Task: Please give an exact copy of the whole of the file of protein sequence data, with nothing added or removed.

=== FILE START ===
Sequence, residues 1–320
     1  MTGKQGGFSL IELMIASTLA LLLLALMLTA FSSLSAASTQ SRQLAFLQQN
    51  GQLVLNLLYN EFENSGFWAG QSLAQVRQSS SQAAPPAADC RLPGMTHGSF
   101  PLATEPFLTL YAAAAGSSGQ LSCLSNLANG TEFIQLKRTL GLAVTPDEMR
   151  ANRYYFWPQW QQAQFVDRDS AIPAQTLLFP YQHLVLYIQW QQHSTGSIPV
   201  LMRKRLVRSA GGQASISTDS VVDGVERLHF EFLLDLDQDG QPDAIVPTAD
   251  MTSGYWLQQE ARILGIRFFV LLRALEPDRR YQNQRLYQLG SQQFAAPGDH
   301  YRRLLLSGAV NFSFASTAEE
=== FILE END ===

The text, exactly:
Sequence, residues 1–320
     1  MTGKQGGFSL IELMIASTLA LLLLALMLTA FSSLSAASTQ SRQLAFLQQN
    51  GQLVLNLLYN EFENSGFWAG QSLAQVRQSS SQAAPPAADC RLPGMTHGSF
   101  PLATEPFLTL YAAAAGSSGQ LSCLSNLANG TEFIQLKRTL GLAVTPDEMR
   151  ANRYYFWPQW QQAQFVDRDS AIPAQTLLFP YQHLVLYIQW QQHSTGSIPV
   201  LMRKRLVRSA GGQASISTDS VVDGVERLHF EFLLDLDQDG QPDAIVPTAD
   251  MTSGYWLQQE ARILGIRFFV LLRALEPDRR YQNQRLYQLG SQQFAAPGDH
   301  YRRLLLSGAV NFSFASTAEE